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J R Soc Med. 2002 September; 95(9): 453–455.
PMCID: PMC1279993

Starting insulin therapy in elderly patients

T J Hendra, MD FRCP

The management of diabetes in an elderly person requires an individualized strategy that takes account of age-related changes in function and cognition and recognizes that life expectancy may be limited by non-diabetes-related disease. For elderly patients with type 2 diabetes, insulin is safe provided that a multidisciplinary diabetes team starts it carefully with defined aims, including avoidance of hypoglycaemia.

In hospital patients with type 2 diabetes, insulin may be part of the initial management of myocardial infarction1, acute illness, hyperosmolar coma and major surgery2. Insulin may also be indicated in the acute management of stroke3. In outpatients the usual reason for insulin therapy is poor glycaemic control manifested by hyperglycaemic symptoms and/or weight loss. Non-specific ill-health or malaise associated with chronic hyperglycaemia is another indication4.

Why does the approach to elderly patients differ from that in younger type 2 patients? Important considerations include:

  • Greater comorbidity caused by multiple pathology, as well as ill-health associated with specific conditions such as impaired cognitive function, depression, inflammatory arthropathy, and cardiac or renal failure
  • Age-related changes in functional ability and the senses, affecting the patient's ability to administer insulin, monitor blood glucose and manage hypoglycaemia
  • The expectation that treatment goals and the patient's ability to administer insulin and monitor glucose levels will soon change with ageing and increasing frailty
  • Social isolation in the community or, for those in care homes, dependency upon formal carers who are not adequately trained in diabetes management.


Insulin is best started at home rather than in hospital, though hospital visits may be needed for educational purposes, along with regular telephone contact to review the results of capillary glucose monitoring and adjust insulin dosage.

Patient assessment

The benefits and disadvantages of insulin therapy must be explained to and understood by patients and carers; and, as with all elderly patients, a structured management plan is desirable, based on comprehensive assessment5. Performance in activities of daily living can be assessed by the Barthel index6 and cognitive status by the abbreviated mental test score (AMT)7. If the AMT score is less than 8 out of 10, cognition should be assessed in more detail with the Folstein Mini-Mental State examination8; in addition, mood should be assessed with either the Hospital Anxiety and Depression Scale9 or the Geriatric Depression scale10. This group of instruments has proved valid for judging patients' ability to inject insulin independently and to recognize and deal with hypoglycaemia11. Cardiovascular risk factors should also be evaluated since control of blood pressure, stopping smoking and lowering total cholesterol may be of greater benefit than improving glycaemic control for avoidance of macrovascular disease12.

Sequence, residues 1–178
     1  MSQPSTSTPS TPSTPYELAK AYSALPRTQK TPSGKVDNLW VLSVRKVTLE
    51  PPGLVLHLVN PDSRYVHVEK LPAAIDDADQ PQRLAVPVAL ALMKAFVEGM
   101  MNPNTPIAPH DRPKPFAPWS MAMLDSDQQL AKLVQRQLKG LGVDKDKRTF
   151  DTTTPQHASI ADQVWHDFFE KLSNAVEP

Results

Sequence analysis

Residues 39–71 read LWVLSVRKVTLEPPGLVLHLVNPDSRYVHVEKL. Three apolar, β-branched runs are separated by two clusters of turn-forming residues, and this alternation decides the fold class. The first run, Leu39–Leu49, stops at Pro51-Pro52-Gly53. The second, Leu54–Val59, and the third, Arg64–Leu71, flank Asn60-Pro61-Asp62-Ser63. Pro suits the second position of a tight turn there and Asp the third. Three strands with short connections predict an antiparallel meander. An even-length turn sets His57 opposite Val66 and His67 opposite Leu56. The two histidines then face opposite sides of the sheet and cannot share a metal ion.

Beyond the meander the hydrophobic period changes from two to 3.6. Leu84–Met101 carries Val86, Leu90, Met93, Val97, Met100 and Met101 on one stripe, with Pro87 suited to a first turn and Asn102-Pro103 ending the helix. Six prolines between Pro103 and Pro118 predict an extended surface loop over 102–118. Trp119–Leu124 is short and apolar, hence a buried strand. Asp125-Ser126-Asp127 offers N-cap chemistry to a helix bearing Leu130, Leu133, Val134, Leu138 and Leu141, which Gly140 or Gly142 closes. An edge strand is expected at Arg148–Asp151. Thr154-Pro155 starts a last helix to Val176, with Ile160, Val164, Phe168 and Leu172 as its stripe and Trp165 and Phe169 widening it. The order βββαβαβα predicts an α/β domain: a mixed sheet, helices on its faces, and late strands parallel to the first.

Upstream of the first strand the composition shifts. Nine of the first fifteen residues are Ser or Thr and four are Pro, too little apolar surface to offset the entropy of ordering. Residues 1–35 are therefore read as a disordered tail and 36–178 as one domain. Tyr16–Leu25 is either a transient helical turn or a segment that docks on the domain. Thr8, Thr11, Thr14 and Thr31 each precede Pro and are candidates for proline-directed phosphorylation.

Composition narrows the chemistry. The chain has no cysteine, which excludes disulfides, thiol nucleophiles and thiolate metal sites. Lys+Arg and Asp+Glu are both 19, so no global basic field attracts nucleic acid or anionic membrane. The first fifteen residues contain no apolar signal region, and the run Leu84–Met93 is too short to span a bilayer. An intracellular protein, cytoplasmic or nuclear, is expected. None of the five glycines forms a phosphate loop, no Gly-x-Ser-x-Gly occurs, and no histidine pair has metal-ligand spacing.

Reasons for starting insulin, treatment goals and metabolic targets

Insulin is usually started when full doses of oral hypoglycaemic agents are not achieving acceptable glycaemic control or wellbeing; frequently there has been substantial weight loss. This clinical picture is often referred to as ‘sulphonylurea failure’ though it reflects disease progression and insulin deficiency.

The results of the UK Prospective Diabetes Study13 indicated that, for elderly type 2 diabetic patients with a good quality of life and able to recognize and deal with hypoglycaemic symptoms, the target glycated haemoglobin (HBA1C) should be <7%. However, this may be inappropriate for frail, socially isolated patients without microvascular complications or with limited life expectancy, for whom the emphasis should be more on avoidance of osmotic symptoms and infections and on modification of cardiovascular risk factors. Many elderly patients with poor glycaemic control and weight loss will benefit from insulin even if they do not achieve this HBA1C target, since insulin therapy is usually associated with weight gain of 4-5 kg. As with younger adults, the goals of patients may differ from those of the healthcare professionals. All agree that symptomatic control is an important indication for insulin, but only a minority of patients take a close interest in glycaemic control and target glucose concentrations14.

Box 1 Insulin regimens for type 2 diabetes

Once-daily isophane insulin

Twice-daily isophane insulin

Twice-daily premixed short/intermediate acting insulins

Basal/bolus isophane and pre-meal short-acting insulins

Combinations of bedtime isophane and oral agents

Choice of insulin regimen

Box 1 outlines the various insulin regimens. Once-daily isophane insulin is only of use where there is residual pancreatic beta-cell insulin secretion. Glycaemic control is suboptimal and this regimen is justified only in those few frail or severely cognitively impaired residents of care homes for whom the sole aim is relief of hyperglycaemic symptoms. Twice-daily isophane insulin produces better but not good glycaemic control; post-prandial glucose peaks still occur and if the dose is increased patients may become hypoglycaemic before their next meal. For this reason most elderly type 2 patients start with two injections of premixed short and intermediate-acting insulins in a 30/70 combination15.